Date of Original Version
Drawing on recent scholarship in environmental communication and rhetoric, this essay examines the role of visual circulation in digital environmental discourse. We argue that while environmental image circulation is often viewed as an ambivalent, or even performative, practice for environmental citizenship, it is also an important space for cultivating participatory culture online. Adapting a version of Laurie Gries' “Iconographic Tracking” method, we offer three case studies that demonstrate how the digital circulation of environmental memes and iconic images offers important tactics for engaging digital publics that can be deployed by public communication practitioners. Subsequently, we argue for a more nuanced view of image circulation as both a performative and a participatory strategy for environmental communication.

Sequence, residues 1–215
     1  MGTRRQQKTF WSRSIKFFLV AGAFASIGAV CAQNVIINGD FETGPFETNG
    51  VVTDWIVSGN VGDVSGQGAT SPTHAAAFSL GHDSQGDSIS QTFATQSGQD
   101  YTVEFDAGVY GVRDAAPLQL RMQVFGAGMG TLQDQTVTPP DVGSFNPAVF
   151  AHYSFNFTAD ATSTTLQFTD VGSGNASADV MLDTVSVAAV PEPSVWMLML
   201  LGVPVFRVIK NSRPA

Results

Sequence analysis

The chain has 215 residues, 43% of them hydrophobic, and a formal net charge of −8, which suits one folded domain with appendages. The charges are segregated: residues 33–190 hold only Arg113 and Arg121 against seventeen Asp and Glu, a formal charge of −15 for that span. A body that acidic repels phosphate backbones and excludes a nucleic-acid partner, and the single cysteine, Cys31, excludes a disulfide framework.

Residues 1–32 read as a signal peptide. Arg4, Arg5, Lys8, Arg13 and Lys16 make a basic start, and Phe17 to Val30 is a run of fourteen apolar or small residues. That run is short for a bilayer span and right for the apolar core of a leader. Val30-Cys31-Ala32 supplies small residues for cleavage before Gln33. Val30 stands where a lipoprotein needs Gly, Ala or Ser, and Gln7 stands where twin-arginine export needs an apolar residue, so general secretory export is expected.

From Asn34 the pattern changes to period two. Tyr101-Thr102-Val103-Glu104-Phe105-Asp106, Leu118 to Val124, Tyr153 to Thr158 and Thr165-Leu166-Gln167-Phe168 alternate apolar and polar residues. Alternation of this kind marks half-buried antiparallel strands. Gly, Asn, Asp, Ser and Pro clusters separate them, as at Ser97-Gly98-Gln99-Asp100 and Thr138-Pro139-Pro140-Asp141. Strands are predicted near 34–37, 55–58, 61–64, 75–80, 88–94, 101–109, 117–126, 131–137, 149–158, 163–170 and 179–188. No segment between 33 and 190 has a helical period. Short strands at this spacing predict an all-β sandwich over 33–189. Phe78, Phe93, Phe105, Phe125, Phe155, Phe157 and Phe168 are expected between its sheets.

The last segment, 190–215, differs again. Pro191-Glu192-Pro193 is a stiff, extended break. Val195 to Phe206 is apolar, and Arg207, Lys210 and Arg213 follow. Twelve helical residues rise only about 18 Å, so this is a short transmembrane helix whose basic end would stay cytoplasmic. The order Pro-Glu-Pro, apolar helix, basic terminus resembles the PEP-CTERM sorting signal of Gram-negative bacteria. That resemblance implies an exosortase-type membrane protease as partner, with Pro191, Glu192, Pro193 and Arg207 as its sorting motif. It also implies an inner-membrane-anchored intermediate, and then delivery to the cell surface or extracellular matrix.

Frontiers in Communication
Jones M, Beveridge A, Garrison JR, Greene A and MacDonald H (2022) Tracking Memes in the Wild: Visual Rhetoric and Image Circulation in Environmental Communication. Front. Commun. 7:883278. doi: 10.3389/fcomm.2022.883278
Available at: https://doi.org/10.3389/fcomm.2022.883278
Creative Commons License
This work is licensed under a Creative Commons Attribution 4.0 License.